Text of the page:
Men. Intelligent. ™
Challenge: Show generosity by making three generous gestures this week.
Explanation: Who is more generous men or women? By an overwhelming majority, without a doubt, it’s women. When you see a group of women eating together, they are sharing. Sharing advice, beauty tips, compliments, and basically opening up their hearts to one another. When you see a group of men they’re normally making fun of each other, talking about work, watching or talking about sports, or doing some other humdrum thing. Men rarely share.
One reason for this is their competitive spirit. It’s very important for men to feel like they’re first, the best, the most this or the most that. That’s why men tend to keep what they have to themselves, so they don’t “give up the gold,” and give the competition an edge. Another reason is gold itself: their attachment to money. Men associate money to success. They think the more they have the better. That’s why they think: “Why give money away when I worked so hard for it? If that person wants money, why don’t they just go out and work for it like I do?”
Because of these two main reasons, men tend not to be very generous. They hoard what they have, keep their knowledge a secret, and think they’re being smart.
But it’s not.
It’s smart to give. When you give, you prove that you are bigger than money. That’s what Glen James proved. Glen was living on the street in Boston, USA. On a beautiful September day in 2013, while wandering the streets as he always did, Glen found a backpack with $40 thousand dollars inside. “Finding is not stealing,” right? Not for Glen. He reported to a police station and turned in the backpack with a passport inside. The owner of the backpack was found and the money returned. The story caught the attention of the media around the world. After watch this story on the news, a man in another state, Ethan Whittington, was inspired by Glen’s gesture and started a campaign to raise money on the internet to help Glen get off the street. A month later the campaign had raised $160 thousand dollars. Glen said: “Anyone who wouldn’t have turned in all that money would have HAD to be sick in one way or another. I may look sick, but I am a genius!”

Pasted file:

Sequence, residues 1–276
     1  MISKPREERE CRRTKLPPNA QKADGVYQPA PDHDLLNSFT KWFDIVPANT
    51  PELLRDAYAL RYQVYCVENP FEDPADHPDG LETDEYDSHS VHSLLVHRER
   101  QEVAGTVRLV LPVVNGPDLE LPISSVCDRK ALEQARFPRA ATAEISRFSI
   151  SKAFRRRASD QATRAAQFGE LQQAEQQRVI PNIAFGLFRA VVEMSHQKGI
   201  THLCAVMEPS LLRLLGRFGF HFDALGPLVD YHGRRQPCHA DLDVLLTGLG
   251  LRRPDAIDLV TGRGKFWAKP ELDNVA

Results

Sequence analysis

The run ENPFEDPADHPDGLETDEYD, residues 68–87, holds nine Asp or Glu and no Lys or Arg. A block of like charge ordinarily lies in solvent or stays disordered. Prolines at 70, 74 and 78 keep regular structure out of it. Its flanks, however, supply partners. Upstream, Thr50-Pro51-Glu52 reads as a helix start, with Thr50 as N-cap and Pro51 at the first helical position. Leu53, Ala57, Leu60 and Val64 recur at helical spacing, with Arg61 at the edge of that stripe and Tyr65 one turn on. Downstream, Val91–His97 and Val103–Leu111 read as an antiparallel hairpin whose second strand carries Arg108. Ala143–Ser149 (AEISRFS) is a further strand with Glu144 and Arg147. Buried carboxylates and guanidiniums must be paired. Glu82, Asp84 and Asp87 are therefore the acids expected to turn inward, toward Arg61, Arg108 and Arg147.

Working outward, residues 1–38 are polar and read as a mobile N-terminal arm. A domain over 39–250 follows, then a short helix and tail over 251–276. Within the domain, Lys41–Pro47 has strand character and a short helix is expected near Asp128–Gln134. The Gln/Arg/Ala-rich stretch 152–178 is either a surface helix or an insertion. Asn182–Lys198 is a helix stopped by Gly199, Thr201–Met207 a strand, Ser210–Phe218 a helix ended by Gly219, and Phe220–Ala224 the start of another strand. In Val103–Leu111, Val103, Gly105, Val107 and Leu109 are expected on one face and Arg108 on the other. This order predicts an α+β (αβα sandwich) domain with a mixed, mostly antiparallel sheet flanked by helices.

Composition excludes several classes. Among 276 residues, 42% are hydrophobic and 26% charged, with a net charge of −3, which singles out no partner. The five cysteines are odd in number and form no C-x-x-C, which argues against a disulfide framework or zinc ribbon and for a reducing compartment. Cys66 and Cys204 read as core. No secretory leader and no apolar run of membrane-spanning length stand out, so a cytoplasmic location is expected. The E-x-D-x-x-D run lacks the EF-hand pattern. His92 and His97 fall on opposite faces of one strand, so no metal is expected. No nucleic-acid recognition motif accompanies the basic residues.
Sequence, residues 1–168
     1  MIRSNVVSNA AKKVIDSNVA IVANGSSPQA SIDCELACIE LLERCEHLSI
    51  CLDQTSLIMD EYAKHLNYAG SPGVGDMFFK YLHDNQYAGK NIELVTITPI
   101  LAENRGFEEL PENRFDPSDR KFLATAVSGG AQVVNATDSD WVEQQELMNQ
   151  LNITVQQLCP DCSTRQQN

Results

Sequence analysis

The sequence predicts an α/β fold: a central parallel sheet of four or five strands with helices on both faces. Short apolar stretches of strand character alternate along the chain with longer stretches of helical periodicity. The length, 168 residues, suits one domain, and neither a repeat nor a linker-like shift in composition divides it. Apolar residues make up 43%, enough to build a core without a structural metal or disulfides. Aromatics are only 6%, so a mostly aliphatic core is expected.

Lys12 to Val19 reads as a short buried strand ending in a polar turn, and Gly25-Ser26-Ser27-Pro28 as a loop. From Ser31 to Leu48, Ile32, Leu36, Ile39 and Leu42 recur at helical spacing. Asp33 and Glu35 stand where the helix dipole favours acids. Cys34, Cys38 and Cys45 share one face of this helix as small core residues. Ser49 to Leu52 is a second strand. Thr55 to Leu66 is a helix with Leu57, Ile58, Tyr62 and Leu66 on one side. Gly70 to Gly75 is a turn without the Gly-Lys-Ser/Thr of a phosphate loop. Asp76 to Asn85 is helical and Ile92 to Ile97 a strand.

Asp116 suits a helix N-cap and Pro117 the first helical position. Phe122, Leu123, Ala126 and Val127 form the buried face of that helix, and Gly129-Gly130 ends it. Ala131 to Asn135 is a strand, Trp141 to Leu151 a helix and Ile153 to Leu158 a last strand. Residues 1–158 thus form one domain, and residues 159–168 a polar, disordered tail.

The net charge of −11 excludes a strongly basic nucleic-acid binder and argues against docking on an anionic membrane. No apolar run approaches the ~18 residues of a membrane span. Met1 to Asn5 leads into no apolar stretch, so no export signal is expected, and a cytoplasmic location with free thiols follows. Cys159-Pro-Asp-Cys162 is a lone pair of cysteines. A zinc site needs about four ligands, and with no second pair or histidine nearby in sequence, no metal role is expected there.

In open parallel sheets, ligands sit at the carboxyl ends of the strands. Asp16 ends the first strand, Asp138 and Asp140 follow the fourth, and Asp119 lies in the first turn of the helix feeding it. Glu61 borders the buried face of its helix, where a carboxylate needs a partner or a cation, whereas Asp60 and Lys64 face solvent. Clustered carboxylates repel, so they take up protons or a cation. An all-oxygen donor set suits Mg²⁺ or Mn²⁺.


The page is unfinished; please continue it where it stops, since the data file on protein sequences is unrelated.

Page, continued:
Glen and Ethan are rare men in this world. The majority of us wouldn’t have done what they did if we were in their shoes. But just the same, notice the reward that their actions brought.
Every IntelliMan is (or is learning to be) generous.
Your challenge this week is to complete at least three generous acts, without any personal interest, but the simple desire to do good to others. There are many ways to give, there are many things to give (it’s not always money) and there are many people that need to receive. Things that you can do include: set aside time to play with your son (if you rarely do this), teaching something to a colleague at work, helping a church project through an offering — there are opportunities everywhere. So, give it some thought and use your gifts in the best way possible. Be generous! Give! And don’t be afraid of not having enough. Be happy for those who received.
Notebook: Write down how you felt during this challenge. Was it hard? Why? How did the person on the receiving end react? How can you be more generous from now on?
Official Partner: One of these days, give your partner a present, something that demonstrates your gratitude and friendship.
Deadline: You may begin working on this challenge immediately and complete it before Challenge #44 which you can start a week from now.
IntelliMen Challenge #43 done: I am bigger than money. (Add any comment, perhaps you can talk about your act of generosity and the result.)
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☐ I completed three acts of generosity this week
☐ I wrote down my reflections in my Notebook
☐ I gave my partner a gift
☐ I posted my comments on Facebook/Twitter
“When I chased after money, I never had enough. When I got my life on purpose and focused on giving of myself and everything that arrived into my life, then I was prosperous.”